Any cyclist has asked this question at some point and the answer, for good measure, is: It depends. In the vast majority of cases upgrading our bike is more cost-effective but sometimes modernizing an old bike costs more time and money than simply getting a new one. Let’s see some examples of when it is better to upgrade and when it is better to buy a new one plus the pros & cons of each option.
When is it best to renew components?
In the vast majority of cases it is cheaper to replace parts of the bicycle than to buy a new one.
If the bike is the right size and has no damage that would affect safety and performance, you can replace the components to your liking. Start with the parts that are corroded, broken or not working, and move on to the parts you want to upgrade or customize.
Now, if the price of components is as high or only slightly lower than a new bike, then just get a new bike. For instance: Tuning a 26″ or 27.5″ aluminum MTB with front suspension that needs a new drivetrain, new wheels and fork overhaul is probably going to cost more time and money than buying a new 29″ aluminum MTB.
Of course, there are exceptions. Vintage road bikes, iconic MTBs from the 80’s, bikes that have a personal meaning… They all deserve special attention. Renovating their components while maintaining their aesthetics and history is not just a matter of time and money.
Pros of replacing components
- Reduced cost, except if we go for high-end, exclusive or customized parts.
- You can replace them progressively, according to needs and possibilities.
- Personal choice of components.
- We can sell or keep the old components for emergencies.
- No need to adapt to a new bike.
- Waiting time. It depends on the components, but as a general rule and with current stocks, it is faster to renew the bike than to buy a new one.
Cons of replacing components
- More time-consuming. This is a relative matter, as there are cyclists who enjoy searching for, buying and installing components, and those who don’t even know where to begin.
- Bad investment. Renovating a bike in poor condition may be “throwing away” money since it is unlikely to perform as well as a new one. The bad investment may also be due to the market trends changing and going in a different direction.
- Incompatible components. Make sure that the parts you buy are compatible with the bike and the rest of the components.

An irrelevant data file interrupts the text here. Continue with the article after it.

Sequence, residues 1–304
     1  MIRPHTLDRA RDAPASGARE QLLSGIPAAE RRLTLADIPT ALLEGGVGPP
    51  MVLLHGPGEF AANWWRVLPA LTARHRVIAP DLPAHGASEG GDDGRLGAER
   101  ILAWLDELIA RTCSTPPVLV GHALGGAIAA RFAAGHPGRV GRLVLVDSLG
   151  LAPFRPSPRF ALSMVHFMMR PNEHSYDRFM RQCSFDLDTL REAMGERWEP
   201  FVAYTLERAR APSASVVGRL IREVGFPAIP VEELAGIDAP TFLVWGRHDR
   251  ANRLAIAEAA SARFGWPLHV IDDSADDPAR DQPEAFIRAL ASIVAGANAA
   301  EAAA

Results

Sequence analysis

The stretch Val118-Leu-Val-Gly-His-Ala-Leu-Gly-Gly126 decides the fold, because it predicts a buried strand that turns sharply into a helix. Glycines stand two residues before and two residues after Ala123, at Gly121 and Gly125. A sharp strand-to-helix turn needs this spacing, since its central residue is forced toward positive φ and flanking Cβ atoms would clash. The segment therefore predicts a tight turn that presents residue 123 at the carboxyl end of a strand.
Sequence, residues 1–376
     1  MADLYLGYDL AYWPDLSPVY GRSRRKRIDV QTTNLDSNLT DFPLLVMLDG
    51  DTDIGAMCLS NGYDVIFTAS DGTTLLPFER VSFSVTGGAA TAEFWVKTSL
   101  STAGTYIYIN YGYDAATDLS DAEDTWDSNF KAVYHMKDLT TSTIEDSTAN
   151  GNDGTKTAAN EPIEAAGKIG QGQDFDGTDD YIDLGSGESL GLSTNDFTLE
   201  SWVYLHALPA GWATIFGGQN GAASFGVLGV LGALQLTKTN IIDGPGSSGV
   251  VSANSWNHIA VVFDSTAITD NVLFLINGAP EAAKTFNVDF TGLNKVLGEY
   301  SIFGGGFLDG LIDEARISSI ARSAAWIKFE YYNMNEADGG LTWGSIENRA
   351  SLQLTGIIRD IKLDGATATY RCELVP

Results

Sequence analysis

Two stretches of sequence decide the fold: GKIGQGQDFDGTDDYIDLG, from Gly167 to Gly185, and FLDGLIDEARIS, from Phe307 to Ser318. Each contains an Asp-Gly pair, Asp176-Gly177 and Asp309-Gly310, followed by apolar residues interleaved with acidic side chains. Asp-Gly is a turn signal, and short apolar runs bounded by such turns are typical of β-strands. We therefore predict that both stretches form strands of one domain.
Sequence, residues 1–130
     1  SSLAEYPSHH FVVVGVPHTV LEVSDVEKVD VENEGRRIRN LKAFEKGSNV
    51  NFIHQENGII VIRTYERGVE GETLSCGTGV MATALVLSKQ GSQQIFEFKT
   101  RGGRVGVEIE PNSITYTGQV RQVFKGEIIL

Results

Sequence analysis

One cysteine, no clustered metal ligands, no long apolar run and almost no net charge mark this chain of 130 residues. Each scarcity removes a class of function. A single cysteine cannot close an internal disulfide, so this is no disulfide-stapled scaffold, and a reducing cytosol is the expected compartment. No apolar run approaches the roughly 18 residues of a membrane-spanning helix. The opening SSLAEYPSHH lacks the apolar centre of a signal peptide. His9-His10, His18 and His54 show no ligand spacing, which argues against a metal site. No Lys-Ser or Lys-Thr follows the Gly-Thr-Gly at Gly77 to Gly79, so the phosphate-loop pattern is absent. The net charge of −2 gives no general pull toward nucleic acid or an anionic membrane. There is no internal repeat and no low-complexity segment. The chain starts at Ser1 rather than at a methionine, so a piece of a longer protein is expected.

- Lack of stock. There are brands that no longer manufacture some spare parts. In these cases, the only solution is to look for them on the second-hand market.
When is it better to buy a new bike?
If the bike is not your size, has significant damage or does not meet your needs, it is time to buy a new bike.
When our bike is not the right size, we can keep the components and try to sell only the frame. It’s not easy, but there’s a lid for every pot.
If the frame is damaged and we cannot fix it or the repair does not guarantee safety, there are two options: Keeping the components and buying a new or second-hand frame or buying a new bike, keeping the parts from the old one as spare parts or selling them.
If the bike is in good condition and you just want to upgrade it, estimate its value on the second hand market, figure out how much it would cost to replace the components you want to upgrade, and check how much a new bike similar to the one you want would be. For instance: We have a carbon road bike in good condition with Shimano 105 mechanical groupset, disc brakes and aluminum wheels valued at around €1500. We want to replace the groupset with the new 105 Di2 12v (€1900-2000) and add carbon wheels (€800-1000), which gives us a total of €3000. The brand-new Endurance SL Disc from Ribble with carbon wheels and Shimano 105 Di2 costs €3500. If you like the model, the decision seems clear, doesn’t it?
Pros of buying a new bike
- It works perfectly.
- You save time (and perhaps money) otherwise spent on searching, buying, repairing…
- Most recent bike models and components are better in terms of materials and performance than those from 4-5 years ago.
Cons of buying a new bike
- Large cash outlay, although you can pay in installments.
- Delivery time. Stocks are not yet 100% and you will most likely have to wait a bit before you get the bike of your dreams.
- Adapting to the new bike. Changes often require an adjustment period. It will be shorter if you have chosen the right size and can replicate the measurements from your biomechanical study on the new bike.
Let’s conclude with a final remark. Safety should be the deciding factor when making a purchase. If a bicycle or a component is a hazard, we should fix it or replace it; getting a new bike would be the last resort. But, let’s face it, we are all consumers, and we often buy things just to improve or change what we already have. Is this a responsible attitude? Probably not, but if buying a new bicycle makes you healthier and you use it instead of your car, then you make up for some of that “irresponsibility”. In its 2021 report, Trek estimated that a bike should cover a distance of 692 km to offset the carbon emissions from its manufacturing. But keep in mind that the bicycle must replace the car. That is, using it on short trips around the city, and if you also do bikepacking and travel with your bike, even better. Let’s hop on our bikes then and start reducing the carbon footprint!